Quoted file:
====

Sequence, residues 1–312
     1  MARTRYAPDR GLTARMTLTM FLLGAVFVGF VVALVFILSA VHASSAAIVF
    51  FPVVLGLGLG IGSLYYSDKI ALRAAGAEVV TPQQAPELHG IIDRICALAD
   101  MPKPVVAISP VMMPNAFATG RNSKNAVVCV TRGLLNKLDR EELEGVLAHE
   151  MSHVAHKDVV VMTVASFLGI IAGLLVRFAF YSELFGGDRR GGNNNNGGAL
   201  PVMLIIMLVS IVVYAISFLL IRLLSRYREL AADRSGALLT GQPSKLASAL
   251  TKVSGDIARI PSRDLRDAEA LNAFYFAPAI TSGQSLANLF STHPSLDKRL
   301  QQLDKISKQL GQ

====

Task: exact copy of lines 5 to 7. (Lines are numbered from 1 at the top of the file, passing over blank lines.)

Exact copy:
   151  MSHVAHKDVV VMTVASFLGI IAGLLVRFAF YSELFGGDRR GGNNNNGGAL
   201  PVMLIIMLVS IVVYAISFLL IRLLSRYREL AADRSGALLT GQPSKLASAL
   251  TKVSGDIARI PSRDLRDAEA LNAFYFAPAI TSGQSLANLF STHPSLDKRL